Prospect of the Day: Jeremy Moore, OF, Los Angeles Angels
Angels outfield prospect Jeremy Moore is a good example of the complex interaction between a player's tools and his skills.
Jeremy Moore was drafted by the Angels in the sixth round in 2005, from high school in Vivian, Louisiana. He was a multiple sport star in high school, and rather raw as a baseball player, but the Angels felt his power/speed combination was worthy of development. It took him two years to get out of the Arizona Rookie League, then in 2007 he hit .272 with 14 homers and 17 steals for Orem in the Pioneer League.
Promoted to Low-A Cedar Rapids for '08, he hit just .240 and struck out 125 times with just 21 walks in 362 at-bats, but he also hit 12 triples and 17 homers while stealing 28 bases. He hit .279/.330/.443 with 11 homers and 17 steals for High-A Rancho Cucamonga in 2009, then .303/.358/.463 with 10 triples, 13 homers, and 24 steals last year for Double-A Arkansas.
This year for Triple-A Salt Lake, Moore is hitting .299/.334/.541 with 23 doubles, 15 triples, 14 homers, 17 steals, and a 20/107 BB/K ratio in 394 at-bats.
The 24-year-old Moore is a left-handed hitter and right-handed thrower, listed at 6-1, 190 pounds. His only weak physical tool is a substandard throwing arm, although this hasn't stopped the Angels from using him in right field frequently. He is very fast and can handle center field without difficulty. He'll make errors on defense, but his range is a major asset.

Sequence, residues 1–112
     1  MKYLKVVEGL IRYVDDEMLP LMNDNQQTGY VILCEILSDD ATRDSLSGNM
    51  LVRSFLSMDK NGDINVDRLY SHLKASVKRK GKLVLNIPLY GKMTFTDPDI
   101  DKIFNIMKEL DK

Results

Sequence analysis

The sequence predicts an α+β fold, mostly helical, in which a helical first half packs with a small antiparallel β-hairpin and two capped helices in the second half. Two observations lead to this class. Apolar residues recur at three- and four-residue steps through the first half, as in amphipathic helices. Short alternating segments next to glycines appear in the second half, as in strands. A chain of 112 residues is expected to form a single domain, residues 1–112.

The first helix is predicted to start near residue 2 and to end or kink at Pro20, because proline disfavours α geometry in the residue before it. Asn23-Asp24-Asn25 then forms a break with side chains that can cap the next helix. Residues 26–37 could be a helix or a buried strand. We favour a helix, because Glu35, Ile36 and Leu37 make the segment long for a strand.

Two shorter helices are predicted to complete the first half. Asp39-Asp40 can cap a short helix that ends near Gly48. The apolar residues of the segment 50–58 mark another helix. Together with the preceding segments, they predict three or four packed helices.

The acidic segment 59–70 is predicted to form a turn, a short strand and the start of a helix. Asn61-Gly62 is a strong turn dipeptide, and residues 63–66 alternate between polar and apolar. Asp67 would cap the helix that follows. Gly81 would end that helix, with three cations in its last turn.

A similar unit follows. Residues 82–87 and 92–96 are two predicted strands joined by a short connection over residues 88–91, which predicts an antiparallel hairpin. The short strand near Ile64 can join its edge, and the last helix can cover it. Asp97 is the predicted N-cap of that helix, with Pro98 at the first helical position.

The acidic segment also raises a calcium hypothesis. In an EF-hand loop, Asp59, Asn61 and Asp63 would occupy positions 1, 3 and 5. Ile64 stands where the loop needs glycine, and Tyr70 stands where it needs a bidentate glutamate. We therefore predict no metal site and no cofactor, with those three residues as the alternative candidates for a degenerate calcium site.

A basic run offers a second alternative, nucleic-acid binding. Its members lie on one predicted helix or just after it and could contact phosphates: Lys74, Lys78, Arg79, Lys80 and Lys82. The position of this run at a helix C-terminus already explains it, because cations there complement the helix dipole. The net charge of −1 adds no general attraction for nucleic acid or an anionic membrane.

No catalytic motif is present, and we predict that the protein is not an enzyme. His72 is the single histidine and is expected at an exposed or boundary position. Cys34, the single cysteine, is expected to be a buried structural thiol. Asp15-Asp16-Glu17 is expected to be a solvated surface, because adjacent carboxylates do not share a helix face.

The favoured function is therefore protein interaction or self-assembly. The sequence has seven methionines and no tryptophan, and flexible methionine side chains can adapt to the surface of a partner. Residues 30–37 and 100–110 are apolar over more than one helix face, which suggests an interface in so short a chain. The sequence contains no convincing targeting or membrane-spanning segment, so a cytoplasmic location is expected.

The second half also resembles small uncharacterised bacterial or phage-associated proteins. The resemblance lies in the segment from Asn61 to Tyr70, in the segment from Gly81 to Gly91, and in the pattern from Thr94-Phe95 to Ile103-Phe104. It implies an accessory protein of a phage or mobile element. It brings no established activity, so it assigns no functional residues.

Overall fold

His speed also shows up on offense, particularly with the large number of triples he hits. He's exceeded double-digits in triples for four consecutive seasons. He is still refining his baserunning skills to go with the speed tool and isn't a terrific percentage stealer, although his ratios are improving. Unlike many speedy players, Moore has legitimate gap power and will knock occasional home runs.
Moore's biggest problem is plate discipline. His swing is mechanically sound, but he is overaggressive and seldom draws walks, hampering his OBP and reducing the value of his speed at the top of an order. A .299 batting average and .334 OBP aren't that impressive for Salt Lake and the Pacific Coast League, and with his current approach he would be hard-pressed to duplicate these numbers in the majors.
That said, Moore's toolset stands out, and his combination of speed, occasional power, and defensive ability is tempting. The flaws in his skills give him a high risk factor, but even a small amount of progress in his hitting approach could take him a long way.